I, Sizzle have ascertained that there is no such thing as a true Atheist. I had help with this study from Atheists. An ATS member on another thread posted information he had found, that stated that 92% of the world held some type of religious beliefs, while only 8% professed Atheism. (We'll get back to this in a moment).

My reasons for these findings are as follows:
(A). I don't believe that anyone could devote so much of their time and energy to an entity or being that they professed non-belief in.
(B).I have found that many Atheists were once believers, but were turned away from their faith due to:

1. being forced to attend a religious academic school, where they endured harsh treatment.
2. being born into a family that attended services out of reasons other than spirituality. (status in community, a relative was a pastor, forced situations etc.) In other words, it is my contention that they do not disbelieve in God; They are angry at Him.

Okay, now back to the 92/08 ratio. If the evolution theory abounded by popular vote, just think what could happen with my theory.

what on earth is this? you haven't answered any of my points and haven't even stuck to the topic and have instead opted to turn this into [yet another] atheist bashing thread.

The subject is about people wanting schools to treach creation theory. I asked you why yours should be taught over other religions. It is a fair question which you have ignored..

Your little 'theory' is just projecting your own tainted views of atheists.. and you've even gone as far as to insinuate that atheists [me] deep down believe but are just "angry at him". Subtle.
PLEASE do not get personal and [indirectly] speculate on whether my atheism is genuine. I have my OWN reasons as to why I do not believe and it had nothing to do with being forced to go to church or harsh treatment [not saying I was treated harshly but I resent it being implied that my atheism stems from some sort of abuse].

I do not believe simply because I do not believe energy [god] can predate space.

[edit on 8-4-2008 by riley]



posted on Apr, 8 2008 @ 09:36 AM
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Meh, the only people I ever see trying to deny evolution, are those who simply cannot understand it. They always seem to have this idea that it all happened overnight.
And they all seem to ignore the mind bogglingly massive amounts of fossils and skeletal records that pain a very clear picture of evolution through time.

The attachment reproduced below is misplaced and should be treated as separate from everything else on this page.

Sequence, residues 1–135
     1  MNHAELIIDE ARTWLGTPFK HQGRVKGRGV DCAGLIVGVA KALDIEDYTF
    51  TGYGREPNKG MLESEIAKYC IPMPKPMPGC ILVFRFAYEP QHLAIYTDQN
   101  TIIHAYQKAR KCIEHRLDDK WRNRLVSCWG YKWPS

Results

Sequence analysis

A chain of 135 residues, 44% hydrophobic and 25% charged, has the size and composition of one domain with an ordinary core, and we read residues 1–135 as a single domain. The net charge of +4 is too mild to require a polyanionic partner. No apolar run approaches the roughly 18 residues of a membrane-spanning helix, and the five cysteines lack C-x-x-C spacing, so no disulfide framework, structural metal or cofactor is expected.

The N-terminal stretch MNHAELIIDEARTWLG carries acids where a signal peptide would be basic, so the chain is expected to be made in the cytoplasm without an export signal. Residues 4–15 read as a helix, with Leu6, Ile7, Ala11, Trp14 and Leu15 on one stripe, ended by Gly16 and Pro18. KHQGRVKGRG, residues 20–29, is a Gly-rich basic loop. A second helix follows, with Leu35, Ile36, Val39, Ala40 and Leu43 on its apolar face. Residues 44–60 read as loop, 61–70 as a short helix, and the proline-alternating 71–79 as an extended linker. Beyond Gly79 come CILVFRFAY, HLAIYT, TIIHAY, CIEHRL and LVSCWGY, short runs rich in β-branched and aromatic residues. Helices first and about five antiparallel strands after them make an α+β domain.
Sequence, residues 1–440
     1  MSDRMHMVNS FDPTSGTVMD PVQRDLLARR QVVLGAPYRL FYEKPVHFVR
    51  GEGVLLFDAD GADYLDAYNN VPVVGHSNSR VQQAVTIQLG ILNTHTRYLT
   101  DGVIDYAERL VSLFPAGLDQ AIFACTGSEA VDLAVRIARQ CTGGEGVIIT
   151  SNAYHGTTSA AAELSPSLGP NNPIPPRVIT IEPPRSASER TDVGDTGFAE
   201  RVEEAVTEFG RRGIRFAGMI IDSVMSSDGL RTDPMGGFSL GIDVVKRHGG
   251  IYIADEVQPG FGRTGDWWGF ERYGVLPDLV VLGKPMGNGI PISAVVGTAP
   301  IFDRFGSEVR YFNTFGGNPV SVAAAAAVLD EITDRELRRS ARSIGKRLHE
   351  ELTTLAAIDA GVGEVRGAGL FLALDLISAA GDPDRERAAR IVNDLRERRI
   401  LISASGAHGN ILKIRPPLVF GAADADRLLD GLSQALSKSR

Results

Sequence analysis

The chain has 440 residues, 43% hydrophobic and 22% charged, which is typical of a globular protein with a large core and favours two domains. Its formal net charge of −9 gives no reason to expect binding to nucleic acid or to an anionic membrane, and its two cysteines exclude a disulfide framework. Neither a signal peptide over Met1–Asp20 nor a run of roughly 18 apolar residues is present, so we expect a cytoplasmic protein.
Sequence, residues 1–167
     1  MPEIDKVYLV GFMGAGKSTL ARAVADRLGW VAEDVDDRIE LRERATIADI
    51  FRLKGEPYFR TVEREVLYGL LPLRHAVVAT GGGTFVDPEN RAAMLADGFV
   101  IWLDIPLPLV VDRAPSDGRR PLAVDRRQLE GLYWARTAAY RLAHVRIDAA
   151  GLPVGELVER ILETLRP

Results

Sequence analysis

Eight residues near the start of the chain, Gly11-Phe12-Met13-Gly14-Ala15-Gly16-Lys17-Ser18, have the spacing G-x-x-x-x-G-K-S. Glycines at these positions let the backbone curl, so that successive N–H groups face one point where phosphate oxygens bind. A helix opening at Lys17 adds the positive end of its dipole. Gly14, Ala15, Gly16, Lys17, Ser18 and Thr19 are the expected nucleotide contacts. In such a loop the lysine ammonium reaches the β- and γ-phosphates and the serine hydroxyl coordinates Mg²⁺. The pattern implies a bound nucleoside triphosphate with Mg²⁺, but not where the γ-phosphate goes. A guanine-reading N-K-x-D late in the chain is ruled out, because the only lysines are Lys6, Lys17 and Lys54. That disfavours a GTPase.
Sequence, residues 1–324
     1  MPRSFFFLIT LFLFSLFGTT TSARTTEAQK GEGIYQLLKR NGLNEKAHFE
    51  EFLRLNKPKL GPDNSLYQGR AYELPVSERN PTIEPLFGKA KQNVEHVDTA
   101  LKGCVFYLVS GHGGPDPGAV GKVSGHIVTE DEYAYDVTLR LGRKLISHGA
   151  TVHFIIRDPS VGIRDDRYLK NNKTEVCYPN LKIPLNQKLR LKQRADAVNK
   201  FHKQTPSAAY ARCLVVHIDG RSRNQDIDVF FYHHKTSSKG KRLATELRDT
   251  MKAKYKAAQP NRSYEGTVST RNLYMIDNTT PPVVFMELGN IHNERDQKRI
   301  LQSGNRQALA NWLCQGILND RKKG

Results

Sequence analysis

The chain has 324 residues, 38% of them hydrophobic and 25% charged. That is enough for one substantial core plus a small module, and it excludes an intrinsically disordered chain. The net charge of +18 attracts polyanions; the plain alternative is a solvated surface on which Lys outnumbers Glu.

We didn't theorize the existence of those fossils... we found them.

Evolution ISN'T a theory, its a fact... it's the explanation of how it happened thats theory.
Just as Gravity isn't a theory, it's a fact. The theory is in HOW it works, not IF it works... we already know it works, and if you disagree, feel free to toss yourself off a cliff to test it.

All in all though... I'm wasting my breath. It's the United States... on top of that, it's TEXAS, did you really expect any better?



posted on Apr, 8 2008 @ 09:43 AM
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Originally posted by sizzle
reply to post by riley
 


I detract that theory and apologize.
I need some z's.
Going to bed now.

[edit on 8-4-2008 by sizzle]

thankyou very much for apologising. please don't post in haste and try stick to the subject and so will I.



posted on Apr, 8 2008 @ 11:48 AM
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I think we were created by anuaki originally and then we had been eprimented on so we have different races sizes etc. Black people came from sirius and never been experimented on ; chinese Japanese are made race with genes of reptile like race; white race is mostly pleidians genes

vids.myspace.com...



posted on Apr, 8 2008 @ 12:24 PM
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I haven't read every post, but I'm going to jump in here anyway. Something needs to be said, and if it's already stated, then it needs to be emphasized.

Anyone who has read my replies to other threads on this subject should already know that I am adamant about certain versions of creationism being as 'scientific' as evolution. I am also adamant about them being given some measure of space as a rebuttal to evolution. The idea is not to discredit evolution as much as to allow thinking individual children to form their own opinions, based on all sides of the story.

That said, this is the opposite end of the spectrum and is simply as ridiculous. To throw out a textbook because it has 'hidden' gay messages? Or because it espouses global warming? Why are we even throwing ideas out at all? Is the classroom not to be where all ideas are included?